Defense Media Network

DDG 1000’s Integrated Power System Software, Hardware Come Together in Successful Test

The most sophisticated integrated electric power and propulsion system ever built for a U.S. warship is one step closer to hitting the “on” switch.

The Navy’s new USS Zumwalt (DDG 1000) guided-missile destroyer will feature advanced power generation, conversion, and distribution for efficiency, economy, and combat effectiveness.

The successful March 20 demonstration of the integration of the Engineering Control System (ECS) software and the ship’s Integrated Power System (IPS), which took place at the Land Based Test Site (LBTS) at Naval Surface Warfare Center Carderock Division-Ship Systems Engineering Station (NSWCCD-SSES) located in Philadelphia, was a major milestone in the development of IPS and the all-electric ship.

“This is an extremely significant test milestone for the DDG 1000 program,” says Capt. James Downey, DDG 1000 program manager from Program Executive Office Ships. “This test demonstrates that the DDG 1000 program’s incremental development of technologies and robust testing plan are on track to deliver unprecedented capability to the fleet.”

The Main Turbo Generator is powered by the gas turbines and distributes electrical power to the motor and other loads at the Land Based Test Facility. U.S. Navy photo by Chris Hatch

The DDG 1000 IPS will use gas turbines to generate electricity, and use the electric power for propulsion, combat systems, and ship services.

The test demonstrated IPS control in a variety of modes and at various “levels of intelligence,” from manual to man-in-the-loop and fully automated situations. The test included normal operations as well as fault conditions.

The Navy has been carefully introducing IPS. This most recent testing is part of a three-year integration and risk-reduction test effort where the IPS has been demonstrated at full power – now integrated with major portions of its shipboard control system.

The land-based test facility replicates a single shaft of an actual ship engineering plant for this testing program, which reduces the risk inherent with new technology.

According to Matthew Stauffer, NSWCCD-SSES DDG 1000 IPS LBTS program manager, the LBTS configuration consists of one complete propulsion shaft line of IPS equipment that includes a ship set of four high-voltage switchboards and two shipboard electrical zones of the low-voltage distribution system, in conjunction with a Rolls-Royce 4500 Auxiliary Turbine Generator (ATG), a Rolls-Royce MT30 Main Turbine Generator (MTG), and a GE Energy Power Conversion Tandem Advanced Induction Motor. This represents one-half of the actual ship’s engineering plant – the DDG 1000 power will be generated by two MTG and two ATG gas turbines.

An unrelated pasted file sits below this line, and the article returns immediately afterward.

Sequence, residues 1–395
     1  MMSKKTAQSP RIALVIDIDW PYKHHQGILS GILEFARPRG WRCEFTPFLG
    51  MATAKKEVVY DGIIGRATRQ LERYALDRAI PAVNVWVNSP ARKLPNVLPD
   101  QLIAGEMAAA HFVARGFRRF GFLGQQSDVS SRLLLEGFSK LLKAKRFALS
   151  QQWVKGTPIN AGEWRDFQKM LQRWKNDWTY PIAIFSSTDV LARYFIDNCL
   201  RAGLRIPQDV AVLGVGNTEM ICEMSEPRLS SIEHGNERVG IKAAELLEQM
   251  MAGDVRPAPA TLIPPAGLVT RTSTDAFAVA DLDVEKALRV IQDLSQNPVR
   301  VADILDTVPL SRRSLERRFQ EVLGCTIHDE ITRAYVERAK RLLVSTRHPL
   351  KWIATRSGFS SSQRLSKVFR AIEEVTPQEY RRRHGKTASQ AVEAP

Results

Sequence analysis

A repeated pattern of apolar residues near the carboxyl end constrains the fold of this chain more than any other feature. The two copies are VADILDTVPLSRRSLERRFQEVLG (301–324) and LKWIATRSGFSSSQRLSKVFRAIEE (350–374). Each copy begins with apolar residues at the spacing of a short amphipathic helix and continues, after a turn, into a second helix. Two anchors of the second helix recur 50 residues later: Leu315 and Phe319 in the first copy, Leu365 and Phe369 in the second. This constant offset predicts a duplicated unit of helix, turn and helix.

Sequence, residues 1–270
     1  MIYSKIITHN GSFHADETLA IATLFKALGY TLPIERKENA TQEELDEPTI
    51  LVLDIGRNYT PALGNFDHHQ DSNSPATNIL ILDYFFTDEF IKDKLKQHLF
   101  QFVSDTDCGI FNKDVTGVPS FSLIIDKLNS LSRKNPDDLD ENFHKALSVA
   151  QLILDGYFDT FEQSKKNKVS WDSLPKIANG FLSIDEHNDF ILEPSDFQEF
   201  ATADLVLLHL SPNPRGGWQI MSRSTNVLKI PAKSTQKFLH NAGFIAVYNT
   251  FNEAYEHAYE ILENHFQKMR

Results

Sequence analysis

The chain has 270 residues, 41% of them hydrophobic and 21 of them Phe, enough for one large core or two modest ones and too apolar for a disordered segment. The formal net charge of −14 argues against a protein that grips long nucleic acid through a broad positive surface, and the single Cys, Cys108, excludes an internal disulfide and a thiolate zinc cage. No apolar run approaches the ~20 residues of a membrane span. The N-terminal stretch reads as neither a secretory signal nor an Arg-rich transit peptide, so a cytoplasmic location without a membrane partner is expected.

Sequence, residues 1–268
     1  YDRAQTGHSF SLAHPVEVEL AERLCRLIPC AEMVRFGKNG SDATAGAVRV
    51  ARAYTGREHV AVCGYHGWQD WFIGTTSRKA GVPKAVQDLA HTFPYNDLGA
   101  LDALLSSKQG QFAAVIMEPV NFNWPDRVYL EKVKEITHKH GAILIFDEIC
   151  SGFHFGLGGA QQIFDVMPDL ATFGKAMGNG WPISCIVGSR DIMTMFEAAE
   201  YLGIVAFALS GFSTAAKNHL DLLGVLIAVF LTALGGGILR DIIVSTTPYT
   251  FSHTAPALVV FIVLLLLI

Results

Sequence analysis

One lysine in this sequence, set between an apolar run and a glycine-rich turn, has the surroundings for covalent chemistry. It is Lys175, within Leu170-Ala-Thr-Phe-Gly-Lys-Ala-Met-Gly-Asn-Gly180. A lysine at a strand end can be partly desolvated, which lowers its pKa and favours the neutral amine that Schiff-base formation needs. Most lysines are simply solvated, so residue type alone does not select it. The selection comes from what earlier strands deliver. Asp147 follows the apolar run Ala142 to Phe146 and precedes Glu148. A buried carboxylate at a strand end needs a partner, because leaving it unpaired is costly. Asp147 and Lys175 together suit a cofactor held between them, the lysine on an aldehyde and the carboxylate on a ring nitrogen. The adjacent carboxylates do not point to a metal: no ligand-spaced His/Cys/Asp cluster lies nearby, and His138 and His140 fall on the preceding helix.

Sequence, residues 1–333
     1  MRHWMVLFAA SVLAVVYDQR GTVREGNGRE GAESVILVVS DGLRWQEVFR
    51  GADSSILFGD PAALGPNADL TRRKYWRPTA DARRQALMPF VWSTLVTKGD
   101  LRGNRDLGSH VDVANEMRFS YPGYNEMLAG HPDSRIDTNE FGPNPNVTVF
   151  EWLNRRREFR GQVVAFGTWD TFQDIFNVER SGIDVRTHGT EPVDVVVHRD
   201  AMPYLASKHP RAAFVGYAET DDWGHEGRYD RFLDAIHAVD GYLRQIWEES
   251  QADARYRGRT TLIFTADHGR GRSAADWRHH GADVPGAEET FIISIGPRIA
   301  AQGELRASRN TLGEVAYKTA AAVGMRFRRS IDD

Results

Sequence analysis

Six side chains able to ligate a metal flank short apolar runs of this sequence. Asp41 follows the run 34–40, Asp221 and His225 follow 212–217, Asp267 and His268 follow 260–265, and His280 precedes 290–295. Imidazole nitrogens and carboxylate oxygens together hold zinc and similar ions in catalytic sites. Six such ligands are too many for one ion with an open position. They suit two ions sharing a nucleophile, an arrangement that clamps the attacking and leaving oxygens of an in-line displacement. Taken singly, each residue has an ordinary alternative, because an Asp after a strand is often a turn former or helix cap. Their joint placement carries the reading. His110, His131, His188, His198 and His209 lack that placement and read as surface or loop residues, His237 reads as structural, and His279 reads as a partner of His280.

“Raytheon is the prime contractor for the Engineering Control System [ECS] along with several subcontractors, including Lockheed Martin [for integration and test of ECS], Northrop Grumman Marine Systems [for ECS-specific Integrated Power System test activities supporting the DTB2-260 ECS software drop], and GE Energy Power Conversion [for IPS specific software code],” Stauffer says.

Stauffer says that ECS provides operation and control of Integrated Power Systems, auxiliary systems, and selected damage control systems in response to directives from the Ship Domain Controller, which provides task integration functions for ECS, or the Distributed Control Work Station. “ECS translates directives into commands and provides centralized monitoring and control for all aspects of ship operations.

View of the Converteam Advanced Induction Motor being evaluated as part of the Integrated Power System at the Navy’s Land Based Test Facility in Philadelphia. U.S. Navy photo by Chris Hatch

“ECS reports the current operating state, configuration, health status of power, auxiliary and damage control systems back to the operator for use in command/control, and conditioned-based maintenance and operator engineering screens,” he says. “ECS affords the operator full control of the machinery plant and includes automated power management and casualty response logic and control.”

The test site has been used to evaluate different configurations and motors, which mitigates the risk involved with newer technology applications. The test program validates key system metrics such as torque, speed, and power output, and specific fuel consumption for the various configurations, and runs them under realistic loads to assess reliability.

USS Zumwalt is the lead ship of the DDG 1000 class, and currently 67 percent complete at Bath Irons Works in Maine. Zumwalt will be delivered in fiscal year 2014, with an initial operational capability in fiscal year 2016. The second ship, USS Michael Monsoor (DDG 1001), is more than 26 percent complete. The name of the third ship in the class of three was announced on April 16 by Secretary of the Navy Ray Mabus, the USS Lyndon B. Johnson (DDG 1002), which is scheduled to start fabrication this month.


Capt. Edward H. Lundquist, U.S. Navy (Ret.) is a senior-level communications professional with more than...